BridgeBio Sees Changes in Key Canavan Disease Markers


Commercial-stage biopharma company BridgeBio Pharma released early data from its Phase I/II CANaspire clinical trial, indicating that BBP-812 might be a promising gene therapy for the ultra-rare Canavan disease.

The data from the first two CANaspire participants show that BBP-812 infusion can strongly suppress N-acetylaspartate (NAA) levels even up to months after treatment while also inducing new myelination. One patient, for example, showed an 89% reduction in NAA levels in the cerebrospinal fluid three months after BBP-812 treatment, along with an 81% drop in urinary NAA.

Of note, this patient also saw a drop of at least 50% in NAA levels in the brain white matter, suggesting that BridgeBio’s candidate was able to cross the near-impenetrable blood-brain barrier and reach its target on the other side.

Data from the second CANaspire participant showed that the therapy's benefits were durable and could persist until six months after treatment. In this patient, NAA levels in the cerebrospinal fluid remained reduced by nearly 80%, in the urine by about half and in brain white matter by 15%. BridgeBio plans to present these findings on July 8 during the Research Day at the National Tay Sachs & Allied Diseases Association Annual Family Conference.

“These results are the first reported demonstration of rapid and robust treatment changes in key disease markers associated with the severity of disease. So, while it is still very early, the results are an encouraging sign that the therapy may be having a positive impact,” Eric David, M.D., J.D., chief executive officer of BridgeBio Gene Therapy, told BioSpace.

Affecting around 1,000 children in the United States and European Union, Canavan disease is an ultra-rare, heritable genetic condition caused by a mutation in the ASPA gene. In turn, this impairs the activity of the enzyme aspartoacylase, which under normal conditions breaks down NAA. A buildup of NAA could then prove toxic to myelin, the protective sheaths around neurons.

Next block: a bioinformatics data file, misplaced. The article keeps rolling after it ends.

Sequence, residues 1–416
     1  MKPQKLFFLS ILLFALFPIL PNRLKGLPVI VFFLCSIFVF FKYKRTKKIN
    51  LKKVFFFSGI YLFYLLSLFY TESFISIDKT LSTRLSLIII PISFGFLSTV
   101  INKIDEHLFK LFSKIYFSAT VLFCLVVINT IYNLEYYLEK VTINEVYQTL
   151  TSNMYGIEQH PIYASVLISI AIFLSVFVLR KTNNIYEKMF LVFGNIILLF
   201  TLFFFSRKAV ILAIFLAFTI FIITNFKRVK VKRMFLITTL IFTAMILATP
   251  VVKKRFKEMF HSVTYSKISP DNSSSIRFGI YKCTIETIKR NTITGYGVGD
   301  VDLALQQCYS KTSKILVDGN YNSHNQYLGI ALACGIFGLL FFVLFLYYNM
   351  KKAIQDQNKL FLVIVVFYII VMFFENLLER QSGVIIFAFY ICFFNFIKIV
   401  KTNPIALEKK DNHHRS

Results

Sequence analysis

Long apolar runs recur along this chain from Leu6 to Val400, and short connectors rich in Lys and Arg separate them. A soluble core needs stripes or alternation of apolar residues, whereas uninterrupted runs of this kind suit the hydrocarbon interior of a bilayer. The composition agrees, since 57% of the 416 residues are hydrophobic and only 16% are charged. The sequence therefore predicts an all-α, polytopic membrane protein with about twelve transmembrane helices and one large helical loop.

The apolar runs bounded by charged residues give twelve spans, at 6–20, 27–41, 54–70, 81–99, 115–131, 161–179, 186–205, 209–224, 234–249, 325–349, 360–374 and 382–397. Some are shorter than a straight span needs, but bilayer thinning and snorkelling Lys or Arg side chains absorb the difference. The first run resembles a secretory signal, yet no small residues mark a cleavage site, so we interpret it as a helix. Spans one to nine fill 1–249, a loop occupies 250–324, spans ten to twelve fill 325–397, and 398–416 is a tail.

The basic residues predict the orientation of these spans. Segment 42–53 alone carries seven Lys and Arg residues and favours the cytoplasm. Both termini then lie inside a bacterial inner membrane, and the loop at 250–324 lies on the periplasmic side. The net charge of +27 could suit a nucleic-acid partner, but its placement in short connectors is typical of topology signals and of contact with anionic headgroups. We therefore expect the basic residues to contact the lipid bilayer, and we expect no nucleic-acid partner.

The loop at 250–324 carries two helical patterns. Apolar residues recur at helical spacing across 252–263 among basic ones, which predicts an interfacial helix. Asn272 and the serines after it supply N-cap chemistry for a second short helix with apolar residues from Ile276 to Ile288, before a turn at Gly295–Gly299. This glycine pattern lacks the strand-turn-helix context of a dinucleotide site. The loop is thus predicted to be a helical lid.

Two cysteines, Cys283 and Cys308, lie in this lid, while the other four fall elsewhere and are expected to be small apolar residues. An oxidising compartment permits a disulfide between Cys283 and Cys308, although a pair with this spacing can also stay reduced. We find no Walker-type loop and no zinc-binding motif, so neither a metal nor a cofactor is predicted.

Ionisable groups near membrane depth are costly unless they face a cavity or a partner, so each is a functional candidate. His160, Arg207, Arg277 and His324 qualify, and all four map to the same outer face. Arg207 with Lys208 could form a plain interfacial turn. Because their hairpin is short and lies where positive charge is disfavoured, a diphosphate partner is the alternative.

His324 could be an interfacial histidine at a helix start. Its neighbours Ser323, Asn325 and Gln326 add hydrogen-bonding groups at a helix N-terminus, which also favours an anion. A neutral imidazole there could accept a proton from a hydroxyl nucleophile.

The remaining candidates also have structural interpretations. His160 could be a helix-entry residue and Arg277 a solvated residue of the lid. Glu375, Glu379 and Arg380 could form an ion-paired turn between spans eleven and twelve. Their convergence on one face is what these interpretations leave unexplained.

BBP-812 is an investigational adeno-associated virus (AAV) gene therapy that seeks to cure Canavan disease by delivering functional copies of the ASPA gene into the brain and throughout the body. Though currently unapproved for clinical use, BBP-812 is showing early potential to be the first treatment option for children with Canavan disease.

“Preclinical proof-of-concept results have shown the approach restores survival and normal motor function in Canavan disease models. And we did extensive studies in non-human primates to show that our mode of delivery, IV delivery, was superior to ICV or IT delivery in getting into the deep white matter in the brain that is so important in this disease,” David said.

Founded in 2015, California-Based BridgeBio is focused on discovering and developing drugs for genetic diseases or cancers with clear genetic foundations and boasts a healthy pipeline of gene therapies and precision drug candidates. In December 2021, the company hit a major roadblock when acoramidis, its leading candidate for symptomatic transthyretin amyloid cardiomyopathy (ATTR-CM), disappointed in a Phase III trial. Company shares took a nosedive leading to a series of layoffs in the subsequent months.

But with three high-profile, high-value wins last month, BridgeBio now seems to have hit its stride. In early May, the company announced that it had entered into a $90 million exclusive license agreement with industry behemoth Bristol Myers Squibb, with a receivable of $815 million more in milestones. The following day, BridgeBio sold its rare pediatric diseases Priority Review Voucher for $110 million to an undisclosed buyer. In the same week, the company released encouraging results for its intravenous candidate PTR-01 for the treatment of recessive dystrophic epidermolysis bullosa.

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